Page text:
strat in geology from a supposed singular strata, and the supposed singular formulum from a supposed plural formula will probably turn up some day.

In connection with popular etymology, it seems proper to make a passing mention of the sailors' perversion of the Bellerophon into the Billy Ruffian, the Hirondelle into the Iron Devil, and La Bonne Corvette into the Bonny Cravat. Some of the supposed changes in public-house signs, such as Bull and Mouth from ``Boulogne mouth,'' and Goat and Compasses from ``God encompasseth us,'' are more than doubtful; but the Bacchanals has certainly changed into the Bag o' nails, and the George Canning into the George and Cannon. The words in the language that have been formed from a false analogy are so numerous and have so often been noted that we must not allow them to detain us here longer.

Imaginary persons have been brought into being owing to blundering misreading. For instance, there are many saints in the Roman calendar whose individuality it would not be easy to prove. All

know how St. Veronica came into being, and equally well known is the origin of St. Ursula and her eleven thousand virgins. In this case, through the misreading of her name, the unfortunate virgin martyr Undecimilla has dropped out of the calendar.

Less known is the origin of Saint Xynoris, the martyr of Antioch, who is noticed in the Martyrologie Romaine of Baronius. Her name was obtained by a misreading of Chrysostom, who, referring to two martyrs, uses the word s> (couple or pair).

In the City of London there is a church dedicated to St. Vedast, which is situated in Foster Lane, and is often described as St. Vedast, alias Foster. This has puzzled many, and James Paterson, in his Pietas Londinensis (1714), hazarded the opinion that the church was dedicated to ``two conjunct saints.'' He writes: ``At the first it was called St. Foster's in memory of some founder or ancient benefactor, but afterwards it was dedicated to St. Vedast, Bishop of Arras.'' Newcourt makes a similar mistake in his Reper

torium, but Thomas Fuller knew the truth, and in his Church History refers to ``St. Vedastus, anglice St. Fosters.'' This is the fact, and the name St. Fauster or Foster is nothing more than a corruption of St. Vedast, all the steps of which we now know. My friend Mr. Danby P. Fry worked this out some years ago, but his difficulty rested with the second syllable of the name Foster; but the links in the chain of evidence have been completed by reference to Mr. H. C. Maxwell Lyte's valuable Report on the Manuscripts of the Dean and Chapter of St. Paul's. The first stage in the corruption took place in France, and the name must have been introduced into this country as Vast. This loss of the middle consonant is in accordance with the constant practice in early French of dropping out the consonant preceding an accented vowel, as reine from regina. The change of Augustine to Austin is an analogous instance. Vast would here be pronounced Vaust, in the same way as the word vase is still sometimes pronounced vause. The interchange of v and f, as in the cases of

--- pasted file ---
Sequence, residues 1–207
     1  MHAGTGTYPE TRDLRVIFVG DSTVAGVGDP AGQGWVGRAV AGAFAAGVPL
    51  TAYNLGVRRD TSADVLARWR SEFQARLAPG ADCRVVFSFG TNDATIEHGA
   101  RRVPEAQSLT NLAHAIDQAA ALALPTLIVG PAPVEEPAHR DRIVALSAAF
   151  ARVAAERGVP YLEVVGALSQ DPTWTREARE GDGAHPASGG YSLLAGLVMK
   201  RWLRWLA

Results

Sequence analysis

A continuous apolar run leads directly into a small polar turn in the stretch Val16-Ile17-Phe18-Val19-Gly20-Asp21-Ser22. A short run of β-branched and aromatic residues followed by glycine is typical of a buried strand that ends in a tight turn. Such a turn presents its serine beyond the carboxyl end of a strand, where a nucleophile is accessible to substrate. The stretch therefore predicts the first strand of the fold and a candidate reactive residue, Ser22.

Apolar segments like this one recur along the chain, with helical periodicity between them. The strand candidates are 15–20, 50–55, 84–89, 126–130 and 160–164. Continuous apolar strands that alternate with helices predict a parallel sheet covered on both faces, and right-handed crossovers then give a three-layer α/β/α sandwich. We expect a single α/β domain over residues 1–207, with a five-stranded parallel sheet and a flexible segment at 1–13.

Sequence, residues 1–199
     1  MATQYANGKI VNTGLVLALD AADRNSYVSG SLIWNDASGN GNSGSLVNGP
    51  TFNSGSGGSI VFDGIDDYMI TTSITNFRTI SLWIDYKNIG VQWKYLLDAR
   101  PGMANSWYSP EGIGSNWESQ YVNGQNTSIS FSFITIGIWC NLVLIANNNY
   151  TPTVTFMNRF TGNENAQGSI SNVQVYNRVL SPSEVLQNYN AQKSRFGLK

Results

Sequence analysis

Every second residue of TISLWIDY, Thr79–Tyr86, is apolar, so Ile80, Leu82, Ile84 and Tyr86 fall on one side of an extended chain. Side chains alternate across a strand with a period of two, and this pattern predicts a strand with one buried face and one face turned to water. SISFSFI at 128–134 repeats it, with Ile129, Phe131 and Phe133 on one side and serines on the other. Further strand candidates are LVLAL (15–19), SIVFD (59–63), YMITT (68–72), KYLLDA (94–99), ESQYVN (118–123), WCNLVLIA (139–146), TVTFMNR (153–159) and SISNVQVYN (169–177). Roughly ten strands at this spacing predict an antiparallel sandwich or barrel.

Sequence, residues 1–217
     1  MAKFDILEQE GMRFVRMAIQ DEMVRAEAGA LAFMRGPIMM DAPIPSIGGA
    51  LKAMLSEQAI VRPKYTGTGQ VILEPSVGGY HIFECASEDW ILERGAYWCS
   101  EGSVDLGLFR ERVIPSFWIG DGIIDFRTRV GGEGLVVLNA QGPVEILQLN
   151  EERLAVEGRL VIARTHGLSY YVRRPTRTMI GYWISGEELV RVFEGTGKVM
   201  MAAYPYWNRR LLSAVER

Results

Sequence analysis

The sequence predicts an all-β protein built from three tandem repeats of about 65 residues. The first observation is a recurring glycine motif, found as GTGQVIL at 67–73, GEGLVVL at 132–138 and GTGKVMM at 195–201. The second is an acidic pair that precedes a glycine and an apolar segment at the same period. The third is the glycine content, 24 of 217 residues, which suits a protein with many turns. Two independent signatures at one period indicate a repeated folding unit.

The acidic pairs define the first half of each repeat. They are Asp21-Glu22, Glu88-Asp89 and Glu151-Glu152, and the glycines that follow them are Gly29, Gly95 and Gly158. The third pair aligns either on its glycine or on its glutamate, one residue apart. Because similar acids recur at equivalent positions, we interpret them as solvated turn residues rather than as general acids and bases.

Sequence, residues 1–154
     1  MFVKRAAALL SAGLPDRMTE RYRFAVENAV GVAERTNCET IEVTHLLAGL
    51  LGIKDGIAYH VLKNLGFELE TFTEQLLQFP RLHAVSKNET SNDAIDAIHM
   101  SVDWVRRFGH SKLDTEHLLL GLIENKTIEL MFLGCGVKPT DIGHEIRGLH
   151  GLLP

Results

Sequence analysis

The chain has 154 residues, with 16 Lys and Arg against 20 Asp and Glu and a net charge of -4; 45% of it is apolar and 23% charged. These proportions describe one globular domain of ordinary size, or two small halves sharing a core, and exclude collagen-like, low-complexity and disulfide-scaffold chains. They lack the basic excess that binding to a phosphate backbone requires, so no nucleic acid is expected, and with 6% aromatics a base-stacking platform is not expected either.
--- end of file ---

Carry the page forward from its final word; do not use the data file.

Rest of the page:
Vane and Fane and fox and vixen, is too common to need more than a passing notice. We have now arrived at the form St. Faust, and the evidence of the old deeds of St. Paul's explains the rest, showing us that the second syllable has grown out of the possessive case. In one of 8 Edward III. we read of the ``King's highway, called Seint Fastes lane.'' Of course this was pronounced St. Fausts, and we at once have the two syllables. The next form is in a deed of May 1360, where it stands as ``Seyn Fastreslane.'' We have here, not a final r as in the latest form, but merely an intrusive trill. This follows the rule by which thesaurus became treasure, Hebudas, Hebrides, and culpatus, culp